Category Archives: books

Indiana – By The Way ~ a Crew review

Indiana cover

By the Way is a fun and fact-filled series of books written by author Joy Budensiek. We have been enjoying one of the four newest books in the By the Way Book Series as we think about planning a trip before too long. Indiana ~ By The Way is the book we have been enjoying. The other new ones include New York City, Alaska, and Ireland. There are currently 10 books in this series.

Joy Budensiek began writing these books to help families have an interesting and fun way to discuss spiritual truths in everyday life. After hearing the startling fact that most Christian families do not intentionally discuss God’s hand in every day life, she created this series to lend a hand and lead the way for families. These geographically based books help parents teach a Christian worldview through a bright and exciting children’s book.

reading in the tent

Each of the books in the series is a hard-back book that is printed in full color. It contains pictures of the actual places and animals discussed, as well as drawings and other images to illustrate other ideas or things. The reading level is upper elementary and the book is about 50 page long. Each page is packed and we would read about 6 or 8 pages in a sitting. This allowed us to discuss ideas and talk about things that interested us. More than once, while I was reading aloud to Miss J (age 9), one or both of the older girls would come look at what we were reading about. Often, we ended up at the computer, looking at the places on a map or reading more about the place mentioned.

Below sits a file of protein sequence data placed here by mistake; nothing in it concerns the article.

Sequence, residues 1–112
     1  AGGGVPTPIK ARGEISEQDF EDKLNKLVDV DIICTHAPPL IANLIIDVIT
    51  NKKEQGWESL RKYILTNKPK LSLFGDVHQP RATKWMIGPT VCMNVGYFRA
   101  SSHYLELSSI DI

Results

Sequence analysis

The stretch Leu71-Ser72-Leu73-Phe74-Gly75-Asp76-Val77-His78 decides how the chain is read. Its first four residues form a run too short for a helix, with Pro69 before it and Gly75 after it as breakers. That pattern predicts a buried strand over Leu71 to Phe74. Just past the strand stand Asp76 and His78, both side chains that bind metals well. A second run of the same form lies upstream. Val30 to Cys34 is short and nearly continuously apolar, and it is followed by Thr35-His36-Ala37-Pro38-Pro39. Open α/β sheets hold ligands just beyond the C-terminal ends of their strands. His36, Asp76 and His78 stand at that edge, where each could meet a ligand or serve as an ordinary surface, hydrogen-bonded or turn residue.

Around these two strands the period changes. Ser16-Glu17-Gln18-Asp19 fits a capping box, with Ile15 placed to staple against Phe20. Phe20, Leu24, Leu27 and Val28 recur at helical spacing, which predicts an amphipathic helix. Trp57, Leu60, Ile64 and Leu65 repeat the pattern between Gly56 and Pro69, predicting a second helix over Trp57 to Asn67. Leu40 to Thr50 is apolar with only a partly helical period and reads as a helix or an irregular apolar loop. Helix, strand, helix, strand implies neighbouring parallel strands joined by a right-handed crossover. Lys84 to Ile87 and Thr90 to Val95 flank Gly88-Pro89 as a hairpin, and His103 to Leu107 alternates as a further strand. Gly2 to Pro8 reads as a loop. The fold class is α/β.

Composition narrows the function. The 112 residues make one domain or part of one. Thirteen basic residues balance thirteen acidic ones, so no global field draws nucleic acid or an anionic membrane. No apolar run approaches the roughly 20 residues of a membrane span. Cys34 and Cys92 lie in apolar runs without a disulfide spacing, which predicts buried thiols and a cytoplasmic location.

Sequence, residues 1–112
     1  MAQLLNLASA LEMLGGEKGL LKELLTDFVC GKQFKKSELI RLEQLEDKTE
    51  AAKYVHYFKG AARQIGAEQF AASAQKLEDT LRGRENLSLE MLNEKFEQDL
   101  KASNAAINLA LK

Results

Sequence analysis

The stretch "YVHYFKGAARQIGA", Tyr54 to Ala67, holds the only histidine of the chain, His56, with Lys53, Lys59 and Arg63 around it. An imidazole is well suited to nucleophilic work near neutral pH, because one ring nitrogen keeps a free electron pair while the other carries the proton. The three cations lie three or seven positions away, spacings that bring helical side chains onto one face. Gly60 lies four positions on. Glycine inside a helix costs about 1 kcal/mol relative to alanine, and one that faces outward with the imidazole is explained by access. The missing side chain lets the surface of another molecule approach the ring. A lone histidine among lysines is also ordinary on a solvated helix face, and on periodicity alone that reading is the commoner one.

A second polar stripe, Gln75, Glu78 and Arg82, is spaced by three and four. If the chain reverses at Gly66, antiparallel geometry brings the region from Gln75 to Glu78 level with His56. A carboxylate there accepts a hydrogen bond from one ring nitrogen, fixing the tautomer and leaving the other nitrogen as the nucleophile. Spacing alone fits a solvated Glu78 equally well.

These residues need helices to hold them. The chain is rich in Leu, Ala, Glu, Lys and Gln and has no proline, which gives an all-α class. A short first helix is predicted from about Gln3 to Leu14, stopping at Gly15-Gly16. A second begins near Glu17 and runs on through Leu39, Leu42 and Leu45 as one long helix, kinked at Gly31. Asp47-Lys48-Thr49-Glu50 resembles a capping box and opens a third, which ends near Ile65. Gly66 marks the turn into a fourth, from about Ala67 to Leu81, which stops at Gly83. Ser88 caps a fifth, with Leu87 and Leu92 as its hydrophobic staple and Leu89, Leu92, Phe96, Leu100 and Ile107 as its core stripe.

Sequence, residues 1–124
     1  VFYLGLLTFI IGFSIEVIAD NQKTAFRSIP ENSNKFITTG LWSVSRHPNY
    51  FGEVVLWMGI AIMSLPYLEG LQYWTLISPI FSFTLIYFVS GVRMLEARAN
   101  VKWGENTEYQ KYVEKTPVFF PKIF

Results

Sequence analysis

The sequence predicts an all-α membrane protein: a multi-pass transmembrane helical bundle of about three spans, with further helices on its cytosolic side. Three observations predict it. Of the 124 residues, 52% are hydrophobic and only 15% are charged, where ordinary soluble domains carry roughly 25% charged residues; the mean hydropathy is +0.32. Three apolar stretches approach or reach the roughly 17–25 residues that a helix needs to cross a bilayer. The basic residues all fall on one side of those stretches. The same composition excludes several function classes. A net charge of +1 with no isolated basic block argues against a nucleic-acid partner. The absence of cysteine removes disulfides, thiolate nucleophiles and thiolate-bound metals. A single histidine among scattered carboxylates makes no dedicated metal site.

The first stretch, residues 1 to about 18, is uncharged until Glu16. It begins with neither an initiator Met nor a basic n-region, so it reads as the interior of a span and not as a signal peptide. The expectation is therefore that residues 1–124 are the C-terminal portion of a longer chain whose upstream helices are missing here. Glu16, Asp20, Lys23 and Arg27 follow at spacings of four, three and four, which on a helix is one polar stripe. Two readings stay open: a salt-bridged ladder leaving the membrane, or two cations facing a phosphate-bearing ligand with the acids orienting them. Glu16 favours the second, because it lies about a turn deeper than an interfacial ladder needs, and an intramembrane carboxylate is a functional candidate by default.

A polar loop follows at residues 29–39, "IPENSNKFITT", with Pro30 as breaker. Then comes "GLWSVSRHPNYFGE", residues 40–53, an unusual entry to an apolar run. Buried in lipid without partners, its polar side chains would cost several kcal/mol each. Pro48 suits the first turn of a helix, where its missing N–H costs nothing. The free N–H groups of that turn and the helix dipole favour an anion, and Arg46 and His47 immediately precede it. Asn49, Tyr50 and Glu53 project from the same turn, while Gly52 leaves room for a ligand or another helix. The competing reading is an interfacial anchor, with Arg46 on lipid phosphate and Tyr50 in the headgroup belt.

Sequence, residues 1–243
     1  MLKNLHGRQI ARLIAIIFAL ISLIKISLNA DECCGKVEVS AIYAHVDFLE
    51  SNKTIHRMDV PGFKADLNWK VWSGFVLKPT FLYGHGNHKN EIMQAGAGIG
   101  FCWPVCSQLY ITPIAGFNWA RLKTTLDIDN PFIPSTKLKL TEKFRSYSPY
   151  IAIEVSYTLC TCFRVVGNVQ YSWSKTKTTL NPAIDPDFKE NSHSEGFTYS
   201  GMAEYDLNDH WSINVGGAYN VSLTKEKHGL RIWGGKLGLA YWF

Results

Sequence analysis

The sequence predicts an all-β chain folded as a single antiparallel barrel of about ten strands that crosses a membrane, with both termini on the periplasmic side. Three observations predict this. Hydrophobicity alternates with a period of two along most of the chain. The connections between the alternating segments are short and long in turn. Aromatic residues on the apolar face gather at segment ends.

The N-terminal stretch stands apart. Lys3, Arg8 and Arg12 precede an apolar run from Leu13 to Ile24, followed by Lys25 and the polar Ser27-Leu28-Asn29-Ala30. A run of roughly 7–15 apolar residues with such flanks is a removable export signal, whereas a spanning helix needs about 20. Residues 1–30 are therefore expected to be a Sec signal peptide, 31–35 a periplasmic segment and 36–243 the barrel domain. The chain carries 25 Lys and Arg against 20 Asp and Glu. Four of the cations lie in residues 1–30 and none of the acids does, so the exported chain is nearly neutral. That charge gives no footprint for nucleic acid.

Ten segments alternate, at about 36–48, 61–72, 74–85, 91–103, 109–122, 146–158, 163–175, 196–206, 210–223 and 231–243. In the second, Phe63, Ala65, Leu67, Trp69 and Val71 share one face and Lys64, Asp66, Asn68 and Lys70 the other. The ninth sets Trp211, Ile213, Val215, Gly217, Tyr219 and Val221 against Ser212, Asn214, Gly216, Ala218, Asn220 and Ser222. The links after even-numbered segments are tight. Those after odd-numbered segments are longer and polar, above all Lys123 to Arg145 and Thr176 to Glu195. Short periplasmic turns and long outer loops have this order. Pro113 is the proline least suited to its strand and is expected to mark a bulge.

By the Way tells the stories of two children who explore the world around them, wherever they end up. Alex and Lexi find themselves immersed in the beauty of God’s creation and seeing God’s hand in the world around them. In the book about Indiana, they are visiting family at Thanksgiving. Their family explores the state and finds a lot of interesting places to visit, things to learn, and animals to see.

reading with kitty

Some of the fun facts that we learned while reading this book:

  • There are quite a few covered bridges in Indiana. And, we hope to see some when we end up visiting that state.
  • There is a lot of wildlife, including Monarch butterflies (Miss L’s favorite), cardinals (Miss J’s favorite), bats (reminding Miss E of a visit to a cave a year or so ago), deer, lots of other birds (more of Miss J’s favorites), bears, rabbits, and many, many more.
  • There are sand dunes! We know sand dunes from White Sands so it was interesting to learn more.
  • This state borders Lake Michigan and is MUCH smaller than Texas.
  • There are large Amish communities in the state. This was really appealing to Miss E and Miss J since it relates so well to another book series they are reading about a young Amish girl.

These are just the tip of the iceberg with what you will learn about Indiana in this book. It is so easy to extend this type of learning. Marking a map, adding additional animal research or sketching, creating artwork related to themes and ideas, looking up more on the plants mentioned (orchids!) and trying to grow them – the possibilities are as varied as your own imagination.

holding book